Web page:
Dalkey Island season update

August 8, 2023
Dalkey Island

We are coming to the end of the Dalkey field season. At the beginning of the season, there were forty-five Arctic Tern nests found between Dalkey island (44 nests) and Lamb island (1 nest). However, significant predation, thought to be primarily due to predation by Brown Rats meant that ultimately, by June 21st all tern nests were predated on both Dalkey and Lamb islands.

As a result of the failure of the tern breeding season on the Dalkey islands, this season, my job on the island has moved in a different direction. I am looking for signs of Avian Influenza, also known as bird-flu, on Dalkey and Lamb islands, particularly in nesting gulls but also in the tern roosts which sporadically form on the islands. Avian flu can spread easily within the avian population.

I also search the gull colony for colour ringed birds, at a safe distance. Colour rings are small rings, with a unique inscription to each bird, that can be read in the field using binoculars or a telescope. It’s accompanied by a small, metal ring, called a BTO ring, which also has a unique code, but is much more difficult to read in the field. The Irish Midlands Ringing Group has been colour ringing Herring Gulls, Lesser Black-backed Gulls and Great Black-backed Gulls on Dalkey Island over the last number of years, with Graham Prole spearheading this work.

Colour-ringed Great Black-backed Gull (Jean-Marie Gadot).

It is very interesting and satisfying when you locate a bird with a colour ring. The unique code is used to track several things, including survival and the movement behaviour of these birds. I have been primarily concentrating on the Great Black-backed Gull colony to date, as these birds are more visible on Dalkey Island, and thus easier to ring read. Four of the five Great Black-backed Gull rings that I have read so far, were ringed as adults, with the fifth bird ringed as a chick on Dalkey Island. It was interesting to learn that two of the codes I read had not been spotted in over a year!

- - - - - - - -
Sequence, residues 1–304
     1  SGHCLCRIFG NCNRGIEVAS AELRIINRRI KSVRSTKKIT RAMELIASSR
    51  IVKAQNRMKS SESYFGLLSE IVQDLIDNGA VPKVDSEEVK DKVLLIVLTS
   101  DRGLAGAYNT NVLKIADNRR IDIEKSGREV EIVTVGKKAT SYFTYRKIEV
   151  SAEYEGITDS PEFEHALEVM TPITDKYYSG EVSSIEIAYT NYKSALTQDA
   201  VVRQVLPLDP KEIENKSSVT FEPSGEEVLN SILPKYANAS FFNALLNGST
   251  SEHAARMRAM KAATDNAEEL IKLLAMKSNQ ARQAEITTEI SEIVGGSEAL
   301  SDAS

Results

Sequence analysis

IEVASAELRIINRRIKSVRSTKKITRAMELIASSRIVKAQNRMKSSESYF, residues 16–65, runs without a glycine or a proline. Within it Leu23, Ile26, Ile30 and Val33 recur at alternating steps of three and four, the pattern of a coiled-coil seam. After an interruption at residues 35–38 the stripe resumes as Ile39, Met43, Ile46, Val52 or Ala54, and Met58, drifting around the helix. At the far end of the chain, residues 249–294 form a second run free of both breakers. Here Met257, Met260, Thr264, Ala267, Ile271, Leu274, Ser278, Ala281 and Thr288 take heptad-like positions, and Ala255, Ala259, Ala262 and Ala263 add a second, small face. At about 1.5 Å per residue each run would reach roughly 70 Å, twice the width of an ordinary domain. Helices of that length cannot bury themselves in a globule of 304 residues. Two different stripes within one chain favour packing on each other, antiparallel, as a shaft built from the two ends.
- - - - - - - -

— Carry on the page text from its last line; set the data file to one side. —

While I am very disappointed that the terns have failed this season on the Dalkey islands, I am really enjoying this project and find it the work very interesting. I love working with animals in their natural habitats. It is different from all the jobs I have had before. I have learnt a lot about how to behave around wild birds.  As I am occasionally invading their territory when doing vital work, gulls defend their young by swooping down on me or even defecating on me, a common defence tactic in seabird colonies. Despite this, I am still thrilled to be working as the Dalkey Tern Warden this season!

Lucy Barrett